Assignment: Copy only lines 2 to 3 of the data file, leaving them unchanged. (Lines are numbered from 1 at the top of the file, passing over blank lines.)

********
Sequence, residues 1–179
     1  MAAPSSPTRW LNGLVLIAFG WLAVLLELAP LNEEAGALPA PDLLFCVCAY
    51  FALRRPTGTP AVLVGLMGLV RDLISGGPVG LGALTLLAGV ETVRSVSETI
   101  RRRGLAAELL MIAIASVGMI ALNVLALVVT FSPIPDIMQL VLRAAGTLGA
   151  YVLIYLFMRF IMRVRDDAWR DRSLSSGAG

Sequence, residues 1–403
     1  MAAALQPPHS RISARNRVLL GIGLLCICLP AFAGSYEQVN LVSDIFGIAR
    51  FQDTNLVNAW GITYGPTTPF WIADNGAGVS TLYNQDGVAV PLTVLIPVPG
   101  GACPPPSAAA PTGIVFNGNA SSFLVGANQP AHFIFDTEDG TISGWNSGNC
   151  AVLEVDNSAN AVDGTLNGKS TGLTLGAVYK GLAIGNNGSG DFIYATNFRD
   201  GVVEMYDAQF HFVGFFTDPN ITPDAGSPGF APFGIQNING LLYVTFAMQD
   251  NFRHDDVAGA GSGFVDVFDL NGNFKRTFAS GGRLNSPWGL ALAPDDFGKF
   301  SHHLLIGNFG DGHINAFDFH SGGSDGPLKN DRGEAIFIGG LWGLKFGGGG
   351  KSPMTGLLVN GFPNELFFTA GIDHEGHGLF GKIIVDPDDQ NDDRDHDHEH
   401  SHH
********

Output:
     1  MAAPSSPTRW LNGLVLIAFG WLAVLLELAP LNEEAGALPA PDLLFCVCAY
    51  FALRRPTGTP AVLVGLMGLV RDLISGGPVG LGALTLLAGV ETVRSVSETI